The overture is amazing, quite suited for a filmscore really, but it displays Jordan's multitalented brain, as he doesn't just do a good job playing, but he's got great arranging skills as well! "Goodnight Kiss" is my favorite of the movements, as it is paced perfectly, the timbres are experimental yet not "Ladies and Gentlemen, The 21st Century and Ms. Spears!", and the chords are to die for. It molds slowly into "Solitary Shell," a song that proves good music CAN be catchy, and builds to one of my other favorite moments, a blues-tinged solo from Petrucci that seems to pay homage to Slash and his work in GNR's epic "Coma." Oh so soulful! James's climax at the end is a bit underclimactic after all the buildup (42 minutes for God's sake!) but it doesn't ruin anything either.
Oh, right, the first disc.
Well, to be honest, it's not all that great. If that were all there was, I would be MAJORLY disappointed. Except for a few obvious spots (the last song was defintely inspired by Bartok), there's not a whole lot of creativity or soul, and the recurring theme of mental illness sounds more intellectual than heartfelt. "Glass Prison" really baffled me, as it's a real bad way to lead off the album; lack of originality is bad enough, but to drag it on for too long is even worse. That said, all of the songs on the first disc are still good, just not like the level of DT one would have been hoping for.
Nonetheless, I am very amazed at how good and relevent this whole offering turned out, especially given the shoes of 3 years back that had to continue to be filled. Also this band is extremely patient and humble. They aren't clamoring for mainstream success, but they wouldn't mind it either. In another 10 years, maybe enough people will know them so they will debut PAST the 40's (where this one was)! If anyone deserves mass recognition, it's Dream Theater. But either way, in a world of so much turmoil, things are looking up; good music is alive and well.
on April 9, 2004
Dream Theater has never quite matched the heights they achieved with the classic "Images & Words" from over a decade ago. The closest they came, according to most fans, was "Scenes from a Memory", the album before this offering.
Enter "Six Degrees of Inner Turbulence". An eclectic mix of songs, to say the least. The album opens with a progressive metal masterpiece, "The Glass Prison". This is arguably Dream Theater's greatest purely metal song, with great riffs, varied and interesting progression, and a heaviness seldom found in the band's work.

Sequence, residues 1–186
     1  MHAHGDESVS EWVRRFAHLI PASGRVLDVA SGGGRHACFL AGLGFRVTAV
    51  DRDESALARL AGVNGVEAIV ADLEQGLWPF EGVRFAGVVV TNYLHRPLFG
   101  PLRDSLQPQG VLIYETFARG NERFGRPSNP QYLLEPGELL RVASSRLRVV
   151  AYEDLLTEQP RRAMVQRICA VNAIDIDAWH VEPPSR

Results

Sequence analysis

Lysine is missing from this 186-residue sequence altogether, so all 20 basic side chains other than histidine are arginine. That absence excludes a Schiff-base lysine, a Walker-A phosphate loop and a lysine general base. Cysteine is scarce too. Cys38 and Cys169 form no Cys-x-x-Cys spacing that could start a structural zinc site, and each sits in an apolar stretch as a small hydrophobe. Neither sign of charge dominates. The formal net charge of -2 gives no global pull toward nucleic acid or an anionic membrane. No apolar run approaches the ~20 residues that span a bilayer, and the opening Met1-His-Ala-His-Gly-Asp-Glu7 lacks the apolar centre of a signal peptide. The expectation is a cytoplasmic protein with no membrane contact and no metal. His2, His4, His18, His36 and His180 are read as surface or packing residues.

The other songs on the first disc of this two-CD album don't quite equal the opening track. They represent a competent if somewhat uninspired effort, and while they get tiresome after awhile, are still excellent songs. This first disc suffers a little from "wankfest syndrome", in that it does contain long, uninspired instrumental sections in some places. The best example of this is the outro of "Misunderstood", which essentially degenerates into Petrucci messing around with his wah pedal and seeing what kind of cool sounds he can make with his guitar. A shameful conclusion to an otherwise excellent song.
The second disc is much better. The songwriting is mostly tight, and it definitely sticks to a theme while remaining varied and interesting. It's hard to pick stand-out tracks, because all but "Overture" and "Goodnight Kiss" are outstanding. It's not quite as good as "Scenes from a Memory", but the 45-minute 'song' (I say this skeptically because though it's organized as a medley, each track is clearly its own song) represents powerful and intelligent music that doesn't forsake emotions as some prog-metal bands--including Dream Theater itself, at times--do.
Overall, "Six Degrees of Inner Turbulence" is uneven at times, but a worthy album nonetheless. This is Dream Theater through-and-through, and serious complaints as to its quality are unfounded. Get this CD, but only after you pick up "Images & Words" and "Scenes from a Memory".